A majority of True Wealth clients own investments from Dimensional Fund Advisors (DFA) – a science-based money manager with more than $600 billion in assets under management as of March 2021. We wanted to give a brief update on some cost reductions and a structural change pertaining to some DFA funds.
DFA announced late last year plans to convert six tax-managed mutual funds into Exchange Traded Funds (ETFs). Four of these conversions took place on June 11th and you may have noticed this activity in your accounts. The conversions will be organized as a tax-free event for U.S. tax purposes. So, we anticipate no taxes related to the conversion of full shares.*
Below is a table showing the funds by current name, the name of the corresponding ETF, and annual fees charged by DFA. In each case, this conversion will result in a reduction of expense ratios. Following the conversion, DFA’s management fees of the six funds are expected to be reduced by 27%, on average, from current levels on an asset-weighted basis.
The new ETFs will be managed using the same investment philosophy and process as the outgoing mutual funds. A recent regulatory change related to ETFs has made ETFs preferable to execute DFA’s investment strategies while availing us, the investors, of the lower expense ratios and increased tax efficiency. Thus the reason for the conversion.**
If you have any questions about the conversion, please reach out to your primary advisor. If you’re not a client and want to learn more, can do so here.
*There may be some cases where fractional shares are held in the mutual fund and at the current time, ETF shares are not issued in fractional shares. In this case, fractional mutual fund shares will be redeemed and paid out which may result in a very small taxable event. For example, if a fractional share of $25 was held and redeemed, the relevant tax rate would be applied to the capital gain portion of this single fractional share resulting in total taxes paid of less than $25.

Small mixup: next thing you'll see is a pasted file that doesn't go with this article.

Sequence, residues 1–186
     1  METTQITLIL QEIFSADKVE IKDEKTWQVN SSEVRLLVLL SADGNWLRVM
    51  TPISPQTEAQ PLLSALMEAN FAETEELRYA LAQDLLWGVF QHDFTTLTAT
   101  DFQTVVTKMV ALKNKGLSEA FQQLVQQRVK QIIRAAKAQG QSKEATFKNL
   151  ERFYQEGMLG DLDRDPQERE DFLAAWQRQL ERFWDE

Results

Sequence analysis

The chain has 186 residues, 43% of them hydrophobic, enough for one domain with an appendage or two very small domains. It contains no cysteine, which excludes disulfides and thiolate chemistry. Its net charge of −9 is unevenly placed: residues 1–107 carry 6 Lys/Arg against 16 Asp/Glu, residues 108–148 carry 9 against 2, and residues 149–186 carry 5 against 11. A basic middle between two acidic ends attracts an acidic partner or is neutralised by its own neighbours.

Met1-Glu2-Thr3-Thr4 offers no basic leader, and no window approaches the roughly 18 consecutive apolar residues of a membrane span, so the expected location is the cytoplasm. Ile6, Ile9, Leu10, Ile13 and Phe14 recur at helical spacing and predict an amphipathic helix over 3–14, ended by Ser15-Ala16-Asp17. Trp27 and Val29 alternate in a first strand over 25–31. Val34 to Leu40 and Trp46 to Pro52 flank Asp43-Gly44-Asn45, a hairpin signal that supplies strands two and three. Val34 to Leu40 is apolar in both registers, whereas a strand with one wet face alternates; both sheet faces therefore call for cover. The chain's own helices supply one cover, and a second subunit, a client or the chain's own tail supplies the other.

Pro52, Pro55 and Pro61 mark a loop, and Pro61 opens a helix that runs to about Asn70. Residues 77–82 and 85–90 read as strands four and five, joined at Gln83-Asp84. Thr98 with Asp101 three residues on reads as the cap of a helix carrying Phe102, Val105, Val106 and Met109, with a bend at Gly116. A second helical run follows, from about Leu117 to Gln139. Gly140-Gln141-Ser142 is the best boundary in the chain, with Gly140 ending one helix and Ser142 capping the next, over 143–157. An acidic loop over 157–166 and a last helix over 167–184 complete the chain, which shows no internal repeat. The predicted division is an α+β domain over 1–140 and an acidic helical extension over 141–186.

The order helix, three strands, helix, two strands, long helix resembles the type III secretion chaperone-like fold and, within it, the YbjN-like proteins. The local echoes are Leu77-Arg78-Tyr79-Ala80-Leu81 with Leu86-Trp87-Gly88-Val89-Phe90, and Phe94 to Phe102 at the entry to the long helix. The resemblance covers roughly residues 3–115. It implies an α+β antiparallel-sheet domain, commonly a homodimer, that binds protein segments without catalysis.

** Unlike with index mutual funds, an index-based ETF manager works with so-called authorized participants to create and redeem shares. These APs are usually a large brokerage, institution or other market maker who is given details about securities held by an ETF. When new shares are needed — either to launch an ETF or simply to meet demand — the AP will buy the stocks and bonds making up that ETF’s portfolio. Then, these “baskets” are exchanged to the ETF company for “creation units,” or a specified number of new ETF shares.
In general, such “baskets” turned over by APs are designed to reflect an index ETF’s overall make-up. For example, if an ETF composed of the 500 largest U.S. companies needs to create new units, the AP might collect those same 500 stocks and do an in-kind exchange for a certain amount of creation units.
A recent regulatory changes allowing a bit more flexibility as APs can now accept what are referred to as “customized baskets.” In these cases, APs don’t necessarily have to mirror the fund’s underlying holdings in exact numbers and composition. Cash can also be used in some creation/redemption instances. Such flexibility is aimed at keeping execution costs low, according to Dimensional, but won’t be allowed to sacrifice accuracy in terms of reflecting an ETF’s portfolio. Similarly, the AP can redeem creation units in exchange for a basket of securities and cash.
ETF’s unique in-kind creation/redemption process as an additional way to rebalance a basket of securities. By contrast, mutual fund shares are issued or redeemed directly through the fund company itself. When large inflows or outflows take place, mutual fund managers must issue new shares or sell securities in their funds to directly meet such demand.
Source: DFA, LLC. Consider the investment objectives, risks, and charges and expenses of the Dimensional funds carefully before investing. For this and other information about the Dimensional funds, please read the prospectus carefully before investing.